Politico: Bernie Sanders’ Rivals Concede They Won’t Win in Nevada

Democratic presidential hopeful US Senator for Vermont Bernie Sanders (R) and former US Vice President Joseph R. Biden Jr. participate in the second Democratic primary debate of the 2020 presidential campaign season hosted by NBC News at the Adrienne Arsht Center for the Performing Arts in Miami, Florida, June 27, …
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Some of Sen. Bernie Sanders’ (I-VT) rival campaigns are quietly conceding they will not win first place in the Nevada caucuses, as the socialist senator continues to rise in the polls, according to Politico.

Politico reported on Monday that three rival campaigns have admitted they are not expecting to win first place in the upcoming Nevada caucuses, hoping, instead, to place second or third, as Sanders continues to soar in the polls and draw thousands of enthusiastic supporters to his campaign events:

Advisers to three rival campaigns privately conceded over the weekend that the best anyone else could hope for here is second or third. Some of them gape at the crowd sizes at Sanders’ events — like the swarm of supporters who accompanied Sanders, his fist raised, to an early caucus site in Las Vegas on Saturday, the first day of early voting in the state.

While few expect that Sanders can carry more than a third of the vote in Nevada, nearly everyone believes that will be enough to win in a field where the moderate vote remains splintered. It is becoming a source of celebration for Sanders’ supporters and an urgent problem for those who want to prevent him from claiming the nomination.

Once again, the presidential hopefuls will have to reach a 15 percent viability threshold to stand. Some believe Sanders will take a relatively substantial portion of the vote just by maintaining the support of his existing base, leaving the supporters of the remaining candidates split and thereby putting his contenders in more vulnerable positions.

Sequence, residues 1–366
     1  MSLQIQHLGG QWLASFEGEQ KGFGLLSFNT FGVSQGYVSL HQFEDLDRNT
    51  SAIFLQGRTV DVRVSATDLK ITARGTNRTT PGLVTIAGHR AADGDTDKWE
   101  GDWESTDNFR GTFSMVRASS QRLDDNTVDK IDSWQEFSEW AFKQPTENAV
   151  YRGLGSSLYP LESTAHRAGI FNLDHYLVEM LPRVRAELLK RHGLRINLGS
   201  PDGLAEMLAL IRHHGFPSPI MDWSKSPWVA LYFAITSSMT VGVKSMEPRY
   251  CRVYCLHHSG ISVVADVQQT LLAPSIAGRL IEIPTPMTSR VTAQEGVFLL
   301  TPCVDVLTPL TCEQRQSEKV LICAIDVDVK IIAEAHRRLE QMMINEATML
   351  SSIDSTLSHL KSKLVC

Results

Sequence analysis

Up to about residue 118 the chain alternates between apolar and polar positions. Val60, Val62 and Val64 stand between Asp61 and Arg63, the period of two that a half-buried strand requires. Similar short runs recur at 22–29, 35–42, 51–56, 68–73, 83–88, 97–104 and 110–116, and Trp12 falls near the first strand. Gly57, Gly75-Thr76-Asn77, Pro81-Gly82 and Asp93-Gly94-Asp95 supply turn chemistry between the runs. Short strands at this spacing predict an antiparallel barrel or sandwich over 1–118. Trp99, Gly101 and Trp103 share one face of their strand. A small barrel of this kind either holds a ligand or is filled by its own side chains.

Andres Ramirez, a Nevada-based strategist, told Politico that he sees Sanders garnering roughly 28 percent of the vote.

“We’re not talking about him getting 50 percent of the vote, Ramirez said. “But the rest of the field is so fragmented, and he has his base locked, that he can continue winning just by holding onto his base.”

The Vermont socialist is going into the Nevada caucuses with the wind to his back. While questions remain regarding who truly took first place in the Iowa caucuses, Sanders counted his popular vote win as a victory and secured 12 delegates to Pete Buttigieg’s 13. Sanders also squeaked out a win in his neighboring state of New Hampshire, taking 25.7 percent of the vote and nine delegates. Buttigieg fell less than two points behind but pocketed the same number of delegates, giving him a one-delegate advantage overall heading into Nevada.

Nevertheless, Sanders appears to be performing the strongest in Nevada. Last week’s Las Vegas Review-Journal and AARP Nevada poll showed the presidential hopeful leading his closest Democrat counterpart by seven percentage points in the Silver State:

While Sen. Amy Klobuchar (D-MN) hopes to seize the momentum from her unexpected third-place finish in New Hampshire, the stakes are just as high for Sen. Elizabeth Warren (D-MA) and Joe Biden (D), both of whom hope to breathe life into their campaigns after lackluster showings in Iowa and poor performances in New Hampshire. Neither of them was able to reach the 15 percent threshold required to secure delegates in New Hampshire’s primary.

According to Politico, a staffer to one of Sanders’ challengers “described the new ‘default state of the race’ as one featuring Sanders in his own orbit and everyone else in theirs.”

Sanders has continued to display impressive showings at his recent rallies — a sign of the enthusiasm among his supporters. Last week’s rally in New Hampshire, which featured rock band The Strokes, drew 7,500 attendees, and his Sunday rally in Denver, Colorado, reportedly drew 11,400 people. His campaign described the showing as the “largest rally any presidential candidate has held in Colorado this cycle.”


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